Understanding Website Accessibility
Web accessibility is the inclusive practice of ensuring there are no barriers that prevent interaction with, or access to, websites on the World Wide Web by people with physical disabilities, situational disabilities, and sociology-economic restrictions on bandwidth and speed. When sites are correctly designed, developed and edited, generally all users have equal access to information and functionality.
For example, when a site is coded with semantically meaningful HTML, with textual equivalents provided for images and with links named meaningfully, this helps blind users using text-to-speech software and/or text-to-Braille hardware. When text and images are large and/or enlargeable, it is easier for users with poor sight to read and understand the content. When links are underlined (or otherwise differentiated) as well as colored, this ensures that color blind users will be able to notice them. When clickable links and areas are large, this helps users who cannot control a mouse with precision. When pages are not coded in a way that hinders navigation by means of the keyboard alone, or a single switch access device alone, this helps users who cannot use a mouse or even a standard keyboard. When videos are closed captioned or a sign language version is available, deaf and hard-of-hearing users can understand the video. When flashing effects are avoided or made optional, users prone to seizures caused by these effects are not put at risk. And when content is written in plain language and illustrated with instructional diagrams and animations, users with dyslexia and learning difficulties are better able to understand the content. When sites are correctly built and maintained, all of these users can be accommodated without decreasing the usability of the site for non-disabled users.
The needs that Web accessibility aims to address include:
- Visual: Visual impairments including blindness, various common types of low vision and poor eyesight, various types of color blindness;
- Motor/mobility: e.g. difficulty or inability to use the hands, including tremors, muscle slowness, loss of fine muscle control, etc., due to conditions such as Parkinson’s disease, muscular dystrophy, cerebral palsy, stroke;
- Auditory: Deafness or hearing impairments, including individuals who are hard of hearing;
- Seizures: Photo epileptic seizures caused by visual strobe or flashing effects.
- Cognitive and intellectual: Developmental disabilities, learning difficulties (dyslexia, dyscalculia, etc.), and cognitive disabilities (PTSD, Alzheimer’s) of various origins, affecting memory, attention, developmental “maturity”, problem-solving and logic skills, etc.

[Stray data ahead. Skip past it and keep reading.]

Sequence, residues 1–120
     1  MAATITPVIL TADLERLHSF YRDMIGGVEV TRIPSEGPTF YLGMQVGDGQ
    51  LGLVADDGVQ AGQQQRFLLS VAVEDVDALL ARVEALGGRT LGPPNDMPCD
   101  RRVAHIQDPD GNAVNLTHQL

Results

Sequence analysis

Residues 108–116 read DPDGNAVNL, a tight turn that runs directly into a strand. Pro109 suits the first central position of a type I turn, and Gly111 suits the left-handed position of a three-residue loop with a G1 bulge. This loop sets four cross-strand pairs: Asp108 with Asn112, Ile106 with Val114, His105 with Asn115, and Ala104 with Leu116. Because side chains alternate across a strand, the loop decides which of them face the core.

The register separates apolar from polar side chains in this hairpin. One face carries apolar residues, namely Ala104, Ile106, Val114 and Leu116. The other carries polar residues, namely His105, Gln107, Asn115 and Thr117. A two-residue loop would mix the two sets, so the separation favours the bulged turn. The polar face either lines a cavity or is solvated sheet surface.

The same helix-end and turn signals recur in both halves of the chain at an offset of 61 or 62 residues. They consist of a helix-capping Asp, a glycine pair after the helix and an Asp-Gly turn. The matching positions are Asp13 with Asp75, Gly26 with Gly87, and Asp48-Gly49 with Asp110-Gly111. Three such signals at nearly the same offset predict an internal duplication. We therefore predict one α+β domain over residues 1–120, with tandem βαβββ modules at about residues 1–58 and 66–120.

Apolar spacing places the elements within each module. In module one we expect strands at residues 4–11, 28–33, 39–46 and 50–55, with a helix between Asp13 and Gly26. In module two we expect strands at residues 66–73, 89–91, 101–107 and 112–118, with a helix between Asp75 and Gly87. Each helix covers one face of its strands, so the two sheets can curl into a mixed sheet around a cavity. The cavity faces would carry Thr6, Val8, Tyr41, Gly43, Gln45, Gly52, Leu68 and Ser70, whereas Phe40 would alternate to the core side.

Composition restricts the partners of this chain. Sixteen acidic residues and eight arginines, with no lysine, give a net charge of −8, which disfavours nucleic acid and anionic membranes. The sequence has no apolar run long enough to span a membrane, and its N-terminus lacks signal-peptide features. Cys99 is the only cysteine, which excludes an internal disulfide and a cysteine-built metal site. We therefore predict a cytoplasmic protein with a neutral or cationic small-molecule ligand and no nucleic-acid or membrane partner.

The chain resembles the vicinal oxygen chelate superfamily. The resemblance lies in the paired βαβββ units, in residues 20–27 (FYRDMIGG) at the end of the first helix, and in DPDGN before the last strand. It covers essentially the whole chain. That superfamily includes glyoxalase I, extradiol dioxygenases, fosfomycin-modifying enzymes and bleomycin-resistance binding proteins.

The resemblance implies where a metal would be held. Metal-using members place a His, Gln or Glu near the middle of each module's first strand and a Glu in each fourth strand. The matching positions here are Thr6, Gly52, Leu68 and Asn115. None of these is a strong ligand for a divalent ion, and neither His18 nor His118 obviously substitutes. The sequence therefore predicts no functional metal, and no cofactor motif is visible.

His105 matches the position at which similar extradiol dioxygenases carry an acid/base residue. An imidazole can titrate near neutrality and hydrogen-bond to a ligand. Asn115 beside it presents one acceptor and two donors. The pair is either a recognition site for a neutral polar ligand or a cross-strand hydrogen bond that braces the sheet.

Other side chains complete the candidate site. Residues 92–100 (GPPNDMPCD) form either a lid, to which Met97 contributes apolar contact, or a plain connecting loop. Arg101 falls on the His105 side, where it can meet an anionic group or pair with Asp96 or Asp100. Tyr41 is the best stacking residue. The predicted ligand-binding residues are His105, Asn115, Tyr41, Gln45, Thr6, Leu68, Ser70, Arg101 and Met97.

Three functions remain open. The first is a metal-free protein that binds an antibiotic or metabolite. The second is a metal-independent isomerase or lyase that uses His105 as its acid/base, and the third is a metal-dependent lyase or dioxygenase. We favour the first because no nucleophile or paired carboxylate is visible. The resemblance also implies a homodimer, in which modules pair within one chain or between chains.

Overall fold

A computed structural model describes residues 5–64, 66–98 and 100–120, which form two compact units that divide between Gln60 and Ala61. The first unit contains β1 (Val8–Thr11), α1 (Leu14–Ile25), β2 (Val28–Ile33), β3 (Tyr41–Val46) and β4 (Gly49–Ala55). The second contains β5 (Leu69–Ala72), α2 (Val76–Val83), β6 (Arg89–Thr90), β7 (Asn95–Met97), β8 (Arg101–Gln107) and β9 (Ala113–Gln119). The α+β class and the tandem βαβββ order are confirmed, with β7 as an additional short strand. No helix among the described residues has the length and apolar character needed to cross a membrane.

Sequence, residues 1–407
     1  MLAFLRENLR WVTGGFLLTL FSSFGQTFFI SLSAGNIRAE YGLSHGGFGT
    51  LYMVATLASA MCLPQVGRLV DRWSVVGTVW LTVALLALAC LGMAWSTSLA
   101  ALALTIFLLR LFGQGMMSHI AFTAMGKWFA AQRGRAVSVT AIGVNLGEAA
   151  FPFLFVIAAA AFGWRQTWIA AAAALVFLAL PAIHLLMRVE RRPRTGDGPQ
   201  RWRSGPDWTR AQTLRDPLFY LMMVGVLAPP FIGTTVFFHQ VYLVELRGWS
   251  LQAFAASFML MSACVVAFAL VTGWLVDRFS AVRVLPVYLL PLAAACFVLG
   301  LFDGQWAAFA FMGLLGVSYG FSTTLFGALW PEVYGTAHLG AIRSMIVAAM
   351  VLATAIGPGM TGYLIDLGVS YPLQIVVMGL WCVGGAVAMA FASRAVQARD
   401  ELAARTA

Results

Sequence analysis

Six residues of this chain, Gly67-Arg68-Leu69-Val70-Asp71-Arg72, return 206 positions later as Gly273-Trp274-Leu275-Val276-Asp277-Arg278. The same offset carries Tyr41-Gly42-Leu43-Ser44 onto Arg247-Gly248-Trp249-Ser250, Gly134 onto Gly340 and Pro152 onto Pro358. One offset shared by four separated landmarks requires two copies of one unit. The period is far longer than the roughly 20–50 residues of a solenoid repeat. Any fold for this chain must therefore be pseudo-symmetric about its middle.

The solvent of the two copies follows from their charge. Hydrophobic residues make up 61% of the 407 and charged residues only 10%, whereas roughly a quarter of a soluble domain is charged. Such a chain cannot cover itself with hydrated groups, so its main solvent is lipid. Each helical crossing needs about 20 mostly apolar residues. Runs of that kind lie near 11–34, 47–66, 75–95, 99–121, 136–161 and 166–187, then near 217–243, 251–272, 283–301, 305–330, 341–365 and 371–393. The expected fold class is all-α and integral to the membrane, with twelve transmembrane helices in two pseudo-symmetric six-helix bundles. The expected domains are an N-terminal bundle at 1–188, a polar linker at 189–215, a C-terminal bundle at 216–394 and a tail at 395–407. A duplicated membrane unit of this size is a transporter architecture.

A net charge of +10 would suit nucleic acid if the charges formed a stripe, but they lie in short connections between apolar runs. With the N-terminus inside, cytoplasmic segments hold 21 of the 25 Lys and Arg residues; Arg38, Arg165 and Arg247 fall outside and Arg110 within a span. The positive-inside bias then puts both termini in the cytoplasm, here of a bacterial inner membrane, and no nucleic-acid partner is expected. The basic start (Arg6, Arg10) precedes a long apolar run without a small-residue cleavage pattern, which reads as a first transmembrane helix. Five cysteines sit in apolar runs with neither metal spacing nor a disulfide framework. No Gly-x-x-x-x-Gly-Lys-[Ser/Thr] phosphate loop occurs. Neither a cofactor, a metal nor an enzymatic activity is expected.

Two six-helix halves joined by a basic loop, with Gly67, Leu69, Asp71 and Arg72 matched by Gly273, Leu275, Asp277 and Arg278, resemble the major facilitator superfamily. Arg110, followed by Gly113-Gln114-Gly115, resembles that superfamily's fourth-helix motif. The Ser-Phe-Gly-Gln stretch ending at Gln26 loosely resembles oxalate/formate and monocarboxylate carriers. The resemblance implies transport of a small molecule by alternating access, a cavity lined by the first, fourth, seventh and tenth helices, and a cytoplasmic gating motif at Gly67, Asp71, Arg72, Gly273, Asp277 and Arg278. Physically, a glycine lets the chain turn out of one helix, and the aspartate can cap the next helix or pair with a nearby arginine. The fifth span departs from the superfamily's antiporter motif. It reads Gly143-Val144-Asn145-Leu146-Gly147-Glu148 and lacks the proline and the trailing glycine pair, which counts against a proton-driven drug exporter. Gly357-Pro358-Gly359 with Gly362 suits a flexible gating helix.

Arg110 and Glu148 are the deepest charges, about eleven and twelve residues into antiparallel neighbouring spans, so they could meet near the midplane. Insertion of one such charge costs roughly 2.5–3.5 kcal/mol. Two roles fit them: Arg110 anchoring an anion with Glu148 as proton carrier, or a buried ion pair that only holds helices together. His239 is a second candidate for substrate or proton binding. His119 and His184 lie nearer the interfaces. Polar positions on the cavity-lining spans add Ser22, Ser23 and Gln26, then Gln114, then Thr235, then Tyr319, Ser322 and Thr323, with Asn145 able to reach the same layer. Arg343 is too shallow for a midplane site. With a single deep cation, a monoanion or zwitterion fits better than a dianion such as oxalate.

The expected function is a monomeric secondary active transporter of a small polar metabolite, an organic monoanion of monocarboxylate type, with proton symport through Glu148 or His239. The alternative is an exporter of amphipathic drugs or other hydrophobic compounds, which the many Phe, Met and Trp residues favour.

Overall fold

Accessibility is not confined to the list above, rather it extends to anyone who is experiencing any permanent, temporary or situational disability. Situational disability refers to someone who may be experiencing a boundary based on the current experience. For example, a person may be situationally one-handed if they are carrying a baby. Web accessibility should be mindful of users experiencing a wide variety of barriers.
Website Accessibility Audit
A growing number of organizations, companies and consultants offer website accessibility audits. These audits, a type of system testing, identify accessibility problems that exist within a website, and provide advice and guidance on the steps that need to be taken to correct these problems.
A range of methods are used to audit websites for accessibility:
- Automated tools are available which can identify some of the problems that are present. Depending on the tool the result may vary widely making it difficult to compare test results.
- Expert technical reviewers, knowledgeable in web design technologies and accessibility, can review a representative selection of pages and provide detailed feedback and advice based on their findings.
- User testing, usually overseen by technical experts, involves setting tasks for ordinary users to carry out on the website, and reviewing the problems these users encounter as they try to carry out the tasks.
Each of these methods has its strengths and weaknesses:
- Automated tools can process many pages in a relatively short length of time, but can only identify some of the accessibility problems that might be present in the website.
- Technical expert review will identify many of the problems that exist, but the process is time consuming, and many websites are too large to make it possible for a person to review every page.
- User testing combines elements of usability and accessibility testing, and is valuable for identifying problems that might otherwise be overlooked, but needs to be used knowledgeably to avoid the risk of basing design decisions on one user’s preferences.
Ideally, a combination of methods should be used to assess the accessibility of a website.
Remediating Inaccessible Websites
Once an accessibility audit has been conducted, and accessibility errors have been identified, the errors will need to be remediated in order to ensure the site is compliant with accessibility errors. The traditional way of correcting an inaccessible site is to go back into the source code, reprogram the error, and then test to make sure the bug was fixed. If the website is not scheduled to be revised in the near future, that error (and others) would remain on the site for a lengthy period of time, possibly violating accessibility guidelines. Because this is a complicated process, many website owners choose to build accessibility into a new site design or re-launch, as it can be more efficient to develop the site to comply with accessibility guidelines, rather than to remediate errors later.
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